This past week there were two news items out of Armenia that were both unprecedented and worthy of further analysis. First the facts. On Tuesday, April 14, Karekin II, Catholicos of All Armenians, issued a statement calling on the government of Armenia to immediately release former President Robert Kocharyan based on medical risks. Kocharyan is currently in custody pending his trial on charges of breaching Armenia’s Constitution by ordering security forces to fire on crowds in the aftermath of the 2008 presidential election. During that incident, eight civilians and two police officers died. His Holiness based his request on the example of nations releasing at-risk prisoners across the globe to reduce the probability of being infected with COVID-19. He referenced some health concerns of Mr. Kocharyan based on medical opinions. This announcement received wide visibility given public interest surrounding Kocharyan’s charges. It was also viewed in the context of a rare public non-religious statement made by the Vehapar.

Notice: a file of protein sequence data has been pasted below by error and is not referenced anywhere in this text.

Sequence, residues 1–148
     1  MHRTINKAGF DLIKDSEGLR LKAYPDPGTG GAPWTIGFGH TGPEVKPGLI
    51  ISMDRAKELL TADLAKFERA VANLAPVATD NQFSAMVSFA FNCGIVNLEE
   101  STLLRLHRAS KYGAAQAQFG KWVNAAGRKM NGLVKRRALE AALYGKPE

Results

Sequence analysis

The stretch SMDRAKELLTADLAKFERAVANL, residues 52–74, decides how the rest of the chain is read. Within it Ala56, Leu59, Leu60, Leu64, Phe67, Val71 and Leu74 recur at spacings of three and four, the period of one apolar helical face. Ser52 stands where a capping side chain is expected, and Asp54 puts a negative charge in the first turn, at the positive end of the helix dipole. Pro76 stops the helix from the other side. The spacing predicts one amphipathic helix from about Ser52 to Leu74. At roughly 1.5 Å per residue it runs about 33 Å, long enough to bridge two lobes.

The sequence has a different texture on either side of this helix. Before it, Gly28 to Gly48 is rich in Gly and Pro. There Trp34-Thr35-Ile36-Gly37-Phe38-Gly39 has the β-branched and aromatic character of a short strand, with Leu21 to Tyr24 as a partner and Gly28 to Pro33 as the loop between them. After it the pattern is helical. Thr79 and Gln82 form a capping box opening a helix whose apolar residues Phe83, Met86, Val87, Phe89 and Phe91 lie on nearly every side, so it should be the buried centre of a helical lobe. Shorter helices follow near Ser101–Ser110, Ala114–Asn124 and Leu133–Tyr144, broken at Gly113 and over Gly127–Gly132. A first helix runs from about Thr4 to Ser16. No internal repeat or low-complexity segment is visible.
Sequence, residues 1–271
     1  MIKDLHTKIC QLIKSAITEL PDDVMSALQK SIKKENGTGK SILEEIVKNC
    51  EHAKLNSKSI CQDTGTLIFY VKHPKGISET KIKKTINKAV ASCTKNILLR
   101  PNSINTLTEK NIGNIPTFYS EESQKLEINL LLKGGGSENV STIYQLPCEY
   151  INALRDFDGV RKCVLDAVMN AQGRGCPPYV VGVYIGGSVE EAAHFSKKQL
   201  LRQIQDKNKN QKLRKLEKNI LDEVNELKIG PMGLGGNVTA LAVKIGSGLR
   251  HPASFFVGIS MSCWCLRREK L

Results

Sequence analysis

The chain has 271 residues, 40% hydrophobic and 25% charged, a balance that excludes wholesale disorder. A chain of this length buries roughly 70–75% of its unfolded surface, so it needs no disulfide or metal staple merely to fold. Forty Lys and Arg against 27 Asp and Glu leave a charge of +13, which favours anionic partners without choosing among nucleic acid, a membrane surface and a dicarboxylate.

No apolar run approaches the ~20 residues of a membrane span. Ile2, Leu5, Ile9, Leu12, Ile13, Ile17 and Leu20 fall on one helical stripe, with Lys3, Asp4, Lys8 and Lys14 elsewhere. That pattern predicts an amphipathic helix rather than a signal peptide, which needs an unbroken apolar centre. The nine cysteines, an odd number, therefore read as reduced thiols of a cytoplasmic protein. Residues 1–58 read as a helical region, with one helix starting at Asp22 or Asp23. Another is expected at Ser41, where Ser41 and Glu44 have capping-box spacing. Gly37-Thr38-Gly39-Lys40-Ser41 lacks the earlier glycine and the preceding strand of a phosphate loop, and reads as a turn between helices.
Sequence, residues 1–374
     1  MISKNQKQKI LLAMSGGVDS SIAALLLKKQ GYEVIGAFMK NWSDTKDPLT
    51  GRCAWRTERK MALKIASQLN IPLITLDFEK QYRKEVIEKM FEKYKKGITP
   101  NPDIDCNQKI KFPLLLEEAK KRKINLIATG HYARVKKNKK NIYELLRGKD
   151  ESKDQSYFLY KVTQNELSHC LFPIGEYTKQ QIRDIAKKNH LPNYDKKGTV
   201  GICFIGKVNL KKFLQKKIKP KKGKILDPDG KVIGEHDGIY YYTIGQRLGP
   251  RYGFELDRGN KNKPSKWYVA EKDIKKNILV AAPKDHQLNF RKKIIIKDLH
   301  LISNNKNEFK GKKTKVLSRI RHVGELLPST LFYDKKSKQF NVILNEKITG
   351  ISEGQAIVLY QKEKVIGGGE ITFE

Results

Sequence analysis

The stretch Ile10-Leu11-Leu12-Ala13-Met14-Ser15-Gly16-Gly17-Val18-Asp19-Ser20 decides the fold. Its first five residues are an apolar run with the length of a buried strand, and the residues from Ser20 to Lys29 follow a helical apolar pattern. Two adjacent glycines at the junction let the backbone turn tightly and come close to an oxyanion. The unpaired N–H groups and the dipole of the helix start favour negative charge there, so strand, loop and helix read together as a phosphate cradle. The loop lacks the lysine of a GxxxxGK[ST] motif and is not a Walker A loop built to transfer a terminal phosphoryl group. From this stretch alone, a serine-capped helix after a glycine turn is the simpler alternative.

The following day an influential Archbishop who is pontifical vicar (primate) of the Ararat Diocese, Navasard Kchoyan, was charged by the National Security Service (NSS) with fraud and money laundering stemming from an alleged connection to a convicted businessman and other associates. The charges allege that Kchoyan participated in a defrauding scheme involving offshore companies. His lawyer has denied any guilt by his client.
The statement by His Holiness has created controversy in the community for several reasons. His Holiness has rarely commented on social and economic issues that impact society. He has remained generally silent on matters such as domestic violence or any of the major challenges facing the Armenian church. He has been criticized for this approach at a time when the faithful are looking for visible and accessible leadership. In particular, it has been considered inappropriate for religious leaders to attempt to publicly influence government matters especially in the judicial domain. It is well known that Karekin II had a strong relationship with both Kocharyan and his successor former President Sargsyan. Despite a comfortable relationship with the former presidents, his influence was focused privately with public discourse limited to liturgical and other religious responsibilities. Discretion has always been evident. The Armenian Church has enjoyed a special status over the years in Armenia which has facilitated its revival but has also drawn criticism from democratic reformists who have encouraged more separation and freedom of religion.